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worldspawn

A*, so close to getting it working.

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For a while I've been learning A* and the various ways to implement using C# it and have been trying to get a version up and running for a 2d map I have. So far it works, but I have an annoying side stepping issue that you can see here: http://www.innerfilth.com/~mike/ASTAR.wmv Here's what I have. I'm using a modified version of what's shown here: http://www.codeproject.com/cs/algorithms/seunghyopback.asp I like using this because it's simple and has so far taught me a lot. I've changed a few things and all the changes are in the node class. Firstly, I've changed the Hueristic to what I'm hoping is a more accurate one shown here:
private double Euclidean_H()
{
     double xd = Math.Abs(this.x - this._goalNode.x);
     double yd = Math.Abs(this.y - this._goalNode.y);			
     return (Math.Sqrt((xd*xd) + (yd*yd)))*10;
}
And I've also added in a way for it to factor in diagonal movement costs by multiplying this result by 10, as well as multiply the gcost by 10. The last thing I did to do this was change the getMap function at the end to:
if (Map.getMap(x+xd, y+yd) != -1)
{
     Node n = new Node (this,this._goalNode, Map.getMap(x+xd,y+yd), x+xd, y+yd);
     if (xd != 0 && yd != 0)
          n.g = this.g + 14;
     if (!n.isMatch(this.parentNode) && !n.isMatch(this))
          successors.Add(n);
}
Despite this it's still zigzagging at weird intervals and I cannot figure out why. I'm assuming it's a math issue but does anyone know what that issue might be? If I haven't provided enough info please let me know.

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You've made your heuristic non-admissible. The heuristic needs to be always smaller or equal that the real cost.

Make your heuristic as:

private double Euclidean_H()
{
double xd = this.x - this._goalNode.x; //the abs was totally useless
double yd = this.y - this._goalNode.y;
return (Math.Sqrt((xd*xd) + (yd*yd))); //*10 making the heuristic non-admissible
}

Make the cost of non-diagonal movement as 1 and the cost of diagonal movement as sqrt(2).

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I think I've tried that before and the problem I run into is g is an int, and is used in the nodeComparer class. The only problem with that is it yells at me if I use anything other than an int and I've been trying to find some information on interfaces that may let me get around that. Does anyone know how I can tackle that problem, too?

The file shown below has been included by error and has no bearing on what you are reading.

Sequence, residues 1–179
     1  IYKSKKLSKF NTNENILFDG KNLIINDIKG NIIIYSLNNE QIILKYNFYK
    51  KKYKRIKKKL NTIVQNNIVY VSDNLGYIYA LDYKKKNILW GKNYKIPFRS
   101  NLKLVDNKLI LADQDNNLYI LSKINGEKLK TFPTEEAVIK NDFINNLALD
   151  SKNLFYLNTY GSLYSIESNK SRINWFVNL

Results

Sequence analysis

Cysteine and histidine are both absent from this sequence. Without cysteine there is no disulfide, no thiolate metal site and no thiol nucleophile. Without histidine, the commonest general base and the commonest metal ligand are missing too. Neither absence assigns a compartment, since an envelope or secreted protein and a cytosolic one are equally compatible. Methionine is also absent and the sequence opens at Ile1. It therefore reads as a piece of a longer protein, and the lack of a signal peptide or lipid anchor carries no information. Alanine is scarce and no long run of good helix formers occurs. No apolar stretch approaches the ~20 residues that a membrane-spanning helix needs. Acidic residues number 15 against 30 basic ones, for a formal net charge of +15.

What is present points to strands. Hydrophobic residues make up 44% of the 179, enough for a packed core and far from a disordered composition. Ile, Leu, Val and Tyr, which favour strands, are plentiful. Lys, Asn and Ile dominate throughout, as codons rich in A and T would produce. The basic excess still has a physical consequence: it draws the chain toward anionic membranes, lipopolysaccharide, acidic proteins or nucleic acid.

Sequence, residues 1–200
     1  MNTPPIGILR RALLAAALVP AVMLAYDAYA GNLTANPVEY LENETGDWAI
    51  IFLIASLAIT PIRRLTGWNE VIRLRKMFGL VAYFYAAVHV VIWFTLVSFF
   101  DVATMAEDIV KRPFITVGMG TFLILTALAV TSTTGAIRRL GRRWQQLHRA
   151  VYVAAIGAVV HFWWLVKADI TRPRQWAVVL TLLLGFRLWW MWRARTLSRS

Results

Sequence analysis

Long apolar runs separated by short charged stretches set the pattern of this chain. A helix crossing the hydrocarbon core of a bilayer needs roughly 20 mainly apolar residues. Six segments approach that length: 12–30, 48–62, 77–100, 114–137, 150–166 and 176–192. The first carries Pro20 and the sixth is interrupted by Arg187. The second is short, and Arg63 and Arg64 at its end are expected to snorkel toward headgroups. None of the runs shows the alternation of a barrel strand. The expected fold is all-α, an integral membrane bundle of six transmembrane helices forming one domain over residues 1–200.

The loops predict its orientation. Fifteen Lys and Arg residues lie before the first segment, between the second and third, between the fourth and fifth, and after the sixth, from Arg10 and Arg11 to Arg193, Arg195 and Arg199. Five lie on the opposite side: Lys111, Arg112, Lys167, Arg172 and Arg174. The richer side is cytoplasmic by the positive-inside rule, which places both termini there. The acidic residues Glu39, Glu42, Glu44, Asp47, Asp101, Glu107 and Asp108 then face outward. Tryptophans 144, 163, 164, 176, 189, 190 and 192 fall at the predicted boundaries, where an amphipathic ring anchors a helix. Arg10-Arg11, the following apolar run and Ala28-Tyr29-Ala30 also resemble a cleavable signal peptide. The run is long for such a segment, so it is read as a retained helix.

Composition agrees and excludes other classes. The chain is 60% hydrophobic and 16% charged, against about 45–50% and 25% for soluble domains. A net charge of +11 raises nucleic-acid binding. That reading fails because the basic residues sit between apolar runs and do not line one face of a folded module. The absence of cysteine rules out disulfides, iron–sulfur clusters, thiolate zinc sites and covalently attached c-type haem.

[Edited by - worldspawn on September 27, 2007 10:44:10 AM]

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In my own implementation I discovered that it's the ratios of the costs that are important, not the specific values -- so if you use a uniform scale and set the cost of horizontal as 1000 and the cost of diagonal as 1414 it should still work and let you keep using integer types.

Actually I'm a bit confused about you implementation now, so I hope that my answer has helped ...

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Quote:
Original post by Hidden Asbestos
In my own implementation I discovered that it's the ratios of the costs that are important, not the specific values -- so if you use a uniform scale and set the cost of horizontal as 1000 and the cost of diagonal as 1414 it should still work and let you keep using integer types.

Actually I'm a bit confused about you implementation now, so I hope that my answer has helped ...


Thats screaming for numerical limits problems.

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Ya what Hidden suggested is what I was originally doing and it was still giving me an imperfect path. I've been reading up on IComparer and IComparable and it looks like what I'm trying to do with floats/doubles is possible, but I'm confused on how the IComparer was set up with the code I'm using in order to figure out how to do it here. I haven't really worked with these interfaces before so it's kind of confusing.

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Quote:
Original post by Steadtler
You've made your heuristic non-admissible. The heuristic needs to be always smaller or equal that the real cost.

Make your heuristic as:

private double Euclidean_H()
{
double xd = this.x - this._goalNode.x; //the abs was totally useless
double yd = this.y - this._goalNode.y;
return (Math.Sqrt((xd*xd) + (yd*yd))); //*10 making the heuristic non-admissible
}

Make the cost of non-diagonal movement as 1 and the cost of diagonal movement as sqrt(2).


Ok I've got it set up like this now. When creating a path it checks to see if the tile being checked is on a diagonal, and if so applies the sqrt of 2 to the gCost instead of just 1. It still follows the same wonky zigzagging path. Any other ideas? Or is there a fundamental flaw with this pathfinder itself and I should just suck it up and start over?

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The original code seems to share the wonky movement. There must be a fundamental flaw in the original algorithm:



As a guess to a solution, try changing the g and h costs in the node to doubles.

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You'll need to debug the open and closed lists, then. Something must be wrong there. Probably assigning the costs or sorting is buggy?

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